Work Your Entire Backside With the Kettlebell Swing
The kettlebell swing targets the often-neglected posterior chain and quickly raises your heart rate, making it a full-body strength and cardio exercise. But to reap the benefits of the kettlebell swing (and not get injured), you need to learn proper form.
Kettlebell Swing Form And Steps
Here’s how to do kettlebell swings:
- Place the kettlebell about a foot in front of you and stand with your feet shoulder-width apart.
- Keeping your back flat, core engaged, arms straight, and a slight bend in your knees, push your hips and grip the kettlebell’s handle in both hands.
- “Hike” the kettlebell to initiate the movement, swinging it back between your legs before swinging it up to chest height as you thrust your hips forward to return to a standing position.
- Hike the kettlebell back between your legs to begin your next rep.
Make it easier: Use a lighter weight.
Make it harder: Use a heavier weight, or do a single-arm kettlebell swing, using the same form to perform equal reps on each side.
Mistakes to Avoid
Dr. Jordan Duncan, DC, owner of Silverdale Sport & Spine in Silverdale, Washington, cautions against a few common kettlebell swing mistakes.
1. Squatting instead of hip-hinging
“Make sure your hips move primarily back instead of down, as that would turn the exercise into a squat,” Duncan says. “You can practice the hinge movement without a kettlebell by standing a foot or so in front of a wall (with your back to the wall) and moving your hips straight back (with minimal knee bend) until your hips contact the wall.”
2. A “floppy” kettlebell swing
“As your arms contact your body (corresponding to the time when you start the hip hinge), you want them to stay connected to your body until you explode up and let the kettlebell float during the upswing,” Duncan says. “Some athletes lose this contact between their arms and body, resulting in a loose, floppy swing.” Also, avoid using your arms or shoulders to initiate the kettlebell swing; the power of your kettlebell swing should come from your hip thrust.
3. A downswing that’s too short
“Another common mistake is not allowing the kettlebell to travel back far enough between the thighs at the terminal point of the downswing,” Duncan says. He suggests having someone hold a clipboard about a foot behind your hips so that you can hit the clipboard with the kettlebell on your downswing, ensuring that the kettlebell has traveled far enough.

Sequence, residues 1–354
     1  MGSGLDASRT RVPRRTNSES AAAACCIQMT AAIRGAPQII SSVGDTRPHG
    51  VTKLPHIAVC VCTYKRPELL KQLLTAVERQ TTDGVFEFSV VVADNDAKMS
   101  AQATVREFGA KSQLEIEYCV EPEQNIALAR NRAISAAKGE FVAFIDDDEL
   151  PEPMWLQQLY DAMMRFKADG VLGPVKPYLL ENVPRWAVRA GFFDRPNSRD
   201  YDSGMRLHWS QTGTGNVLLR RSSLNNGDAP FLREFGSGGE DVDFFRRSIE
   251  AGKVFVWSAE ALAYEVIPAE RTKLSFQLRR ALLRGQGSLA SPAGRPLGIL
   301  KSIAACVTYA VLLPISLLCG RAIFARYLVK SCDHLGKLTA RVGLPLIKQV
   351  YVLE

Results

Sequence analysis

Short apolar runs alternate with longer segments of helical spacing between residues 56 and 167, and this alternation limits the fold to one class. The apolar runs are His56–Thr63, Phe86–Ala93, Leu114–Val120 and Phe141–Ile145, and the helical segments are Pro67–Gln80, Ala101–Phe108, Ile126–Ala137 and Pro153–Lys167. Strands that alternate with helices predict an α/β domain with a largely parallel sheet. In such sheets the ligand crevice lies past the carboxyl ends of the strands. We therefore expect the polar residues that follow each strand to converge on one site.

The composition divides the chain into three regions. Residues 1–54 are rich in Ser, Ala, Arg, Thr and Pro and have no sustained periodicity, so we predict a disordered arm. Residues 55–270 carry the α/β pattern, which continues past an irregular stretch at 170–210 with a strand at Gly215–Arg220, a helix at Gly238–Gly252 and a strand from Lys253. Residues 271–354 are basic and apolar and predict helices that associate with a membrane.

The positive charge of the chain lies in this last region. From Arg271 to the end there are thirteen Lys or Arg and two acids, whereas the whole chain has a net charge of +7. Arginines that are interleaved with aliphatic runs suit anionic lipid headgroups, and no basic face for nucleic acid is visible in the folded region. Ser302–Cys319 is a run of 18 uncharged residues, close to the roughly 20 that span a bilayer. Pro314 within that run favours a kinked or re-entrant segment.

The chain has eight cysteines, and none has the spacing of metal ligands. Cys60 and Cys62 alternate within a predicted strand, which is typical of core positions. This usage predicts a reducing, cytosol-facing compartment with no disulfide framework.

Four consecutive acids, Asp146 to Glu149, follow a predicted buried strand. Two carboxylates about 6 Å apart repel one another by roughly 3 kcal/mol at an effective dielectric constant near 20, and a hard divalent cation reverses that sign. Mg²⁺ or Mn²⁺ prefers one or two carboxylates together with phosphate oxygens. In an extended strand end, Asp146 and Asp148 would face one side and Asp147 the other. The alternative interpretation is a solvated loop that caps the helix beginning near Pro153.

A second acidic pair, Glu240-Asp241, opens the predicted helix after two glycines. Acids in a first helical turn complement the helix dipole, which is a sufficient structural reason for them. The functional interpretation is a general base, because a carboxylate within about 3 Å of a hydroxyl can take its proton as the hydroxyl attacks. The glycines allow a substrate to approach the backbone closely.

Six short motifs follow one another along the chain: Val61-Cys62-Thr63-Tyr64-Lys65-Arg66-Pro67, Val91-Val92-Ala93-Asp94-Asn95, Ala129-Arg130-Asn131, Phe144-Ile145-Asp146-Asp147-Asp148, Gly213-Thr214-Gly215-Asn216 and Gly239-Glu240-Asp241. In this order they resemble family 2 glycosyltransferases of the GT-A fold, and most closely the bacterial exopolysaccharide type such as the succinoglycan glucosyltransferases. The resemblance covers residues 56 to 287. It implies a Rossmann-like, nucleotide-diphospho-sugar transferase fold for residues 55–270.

Benefits of Kettlebell Swings
When you consider the kettlebell swing’s benefits, it’s easy to understand why it’s one of the most popular kettlebell exercises.
1. Kettlebell swings work the entire backside of your body
The kettlebell swing is ideal for strengthening the posterior chain, or all the muscles that run along the back of your body, from the base of your skull to the backs of your feet.
2. Kettlebell swings are also an effective cardio move
The kettlebell swing will also get your heart pumping, making it a go-to cardio move for HIIT and circuit workouts.
And if you’re interested in improving your power and maximal strength, research shows that the kettlebell swing is an excellent option.
What Muscles Do Kettlebell Swings Work
You’ll feel kettlebell swings working most of your body, including your:
The kettlebell swing’s hip hinge “requires powerful contraction of the gluteus maximus and hamstrings to extend the hip on the upswing,” Duncan explains. Your core muscles provide stability throughout the movement. “Athletes are taught to ‘break the handle’ of the kettlebell during the swing, which activates the latissimus dorsi muscles,” Duncan says.
Where to Buy Kettlebells
You can purchase kettlebells (including soft and adjustable options) at most fitness equipment and online retailers. However, you may need to shop around due to a surge in demand for home workout equipment, but here are a few popular options:
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Cap Barbell Enamel Coated Cast Iron Kettlebells
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Yes4All Solid Cast Iron Kettlebells
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